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That new healthcare landscape may emerge in the wake of Amazon’s purchase of the online prescription drug company PillPack, which was announced last week. The deal — which gives the online retail giant the infrastructure to deliver prescription medications in the U.S. — could potentially make redundant middlemen such as PBMs and even some benefit advisers from the healthcare industry.
Those who believe this is the end for PBMs are being myopic. One, Amazon was in the mail-order pharmacy business a few years back, with drugstore.com, and failed. Sure they've learned from this failure. But, the point is it isn't easy nor a forgone conclusion the PillPack acquisition alone will serve as a catalyst for widespread cuts in pharmacy costs. Second, PBMs offer a valuable service and as a result PBMs who offer radical transparency will survive. Naysayers who say this is the end for all PBMs don't fully understand all the services a PBM offers nor the impact of those services. One thing is for sure, if Amazon is successful it will force non-fiduciary PBMs to become much more efficient.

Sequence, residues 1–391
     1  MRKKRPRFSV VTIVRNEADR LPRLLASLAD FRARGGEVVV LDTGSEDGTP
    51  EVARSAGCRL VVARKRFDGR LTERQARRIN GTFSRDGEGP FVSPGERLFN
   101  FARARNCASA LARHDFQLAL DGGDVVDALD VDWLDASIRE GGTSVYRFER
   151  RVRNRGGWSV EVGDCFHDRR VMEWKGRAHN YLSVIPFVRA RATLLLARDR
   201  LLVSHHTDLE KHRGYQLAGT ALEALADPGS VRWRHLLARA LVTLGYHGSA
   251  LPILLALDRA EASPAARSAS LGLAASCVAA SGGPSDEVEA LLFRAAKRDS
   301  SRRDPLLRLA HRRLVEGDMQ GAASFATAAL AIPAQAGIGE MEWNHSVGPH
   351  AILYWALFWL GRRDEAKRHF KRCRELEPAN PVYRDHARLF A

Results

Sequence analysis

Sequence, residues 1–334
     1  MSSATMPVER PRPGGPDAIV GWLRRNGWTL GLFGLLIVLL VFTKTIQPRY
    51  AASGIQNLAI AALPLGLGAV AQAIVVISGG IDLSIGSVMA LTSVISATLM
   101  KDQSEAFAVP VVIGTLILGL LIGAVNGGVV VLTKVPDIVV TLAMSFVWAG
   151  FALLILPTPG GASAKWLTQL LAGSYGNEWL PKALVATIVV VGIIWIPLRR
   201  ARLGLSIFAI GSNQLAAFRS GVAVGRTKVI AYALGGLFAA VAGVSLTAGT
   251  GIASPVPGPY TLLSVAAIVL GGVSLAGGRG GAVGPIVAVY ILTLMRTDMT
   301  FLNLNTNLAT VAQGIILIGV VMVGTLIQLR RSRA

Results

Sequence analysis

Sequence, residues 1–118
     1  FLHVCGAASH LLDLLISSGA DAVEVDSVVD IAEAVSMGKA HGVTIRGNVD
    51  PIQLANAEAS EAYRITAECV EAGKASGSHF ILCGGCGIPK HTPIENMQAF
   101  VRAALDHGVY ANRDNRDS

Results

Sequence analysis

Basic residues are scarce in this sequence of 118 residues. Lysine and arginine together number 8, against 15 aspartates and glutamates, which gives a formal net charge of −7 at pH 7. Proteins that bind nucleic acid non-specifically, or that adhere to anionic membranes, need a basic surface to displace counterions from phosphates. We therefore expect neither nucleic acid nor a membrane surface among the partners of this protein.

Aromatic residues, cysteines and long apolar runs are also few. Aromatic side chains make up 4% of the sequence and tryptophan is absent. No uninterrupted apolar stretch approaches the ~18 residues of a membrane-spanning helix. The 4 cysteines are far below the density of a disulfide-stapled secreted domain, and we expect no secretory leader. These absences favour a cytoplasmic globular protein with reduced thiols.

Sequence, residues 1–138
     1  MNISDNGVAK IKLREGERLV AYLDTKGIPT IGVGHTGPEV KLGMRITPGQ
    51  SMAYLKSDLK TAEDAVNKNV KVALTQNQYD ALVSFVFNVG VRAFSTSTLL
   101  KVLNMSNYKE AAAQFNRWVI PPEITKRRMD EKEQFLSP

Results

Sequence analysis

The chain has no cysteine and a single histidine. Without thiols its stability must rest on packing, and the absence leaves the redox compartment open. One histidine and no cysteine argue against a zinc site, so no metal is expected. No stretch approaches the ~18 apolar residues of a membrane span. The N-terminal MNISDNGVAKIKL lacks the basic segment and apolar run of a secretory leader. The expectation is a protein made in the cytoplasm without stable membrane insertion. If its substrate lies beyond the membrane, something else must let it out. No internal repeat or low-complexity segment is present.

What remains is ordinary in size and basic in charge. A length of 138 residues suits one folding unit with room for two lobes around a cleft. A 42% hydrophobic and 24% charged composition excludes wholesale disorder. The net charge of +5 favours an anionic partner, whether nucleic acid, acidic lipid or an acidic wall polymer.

Rob Piazza, product manager, analytics, at Benefitfocus, says payers and PBMs had many chances to work together in the past to better control rising drug costs, but they did not do enough.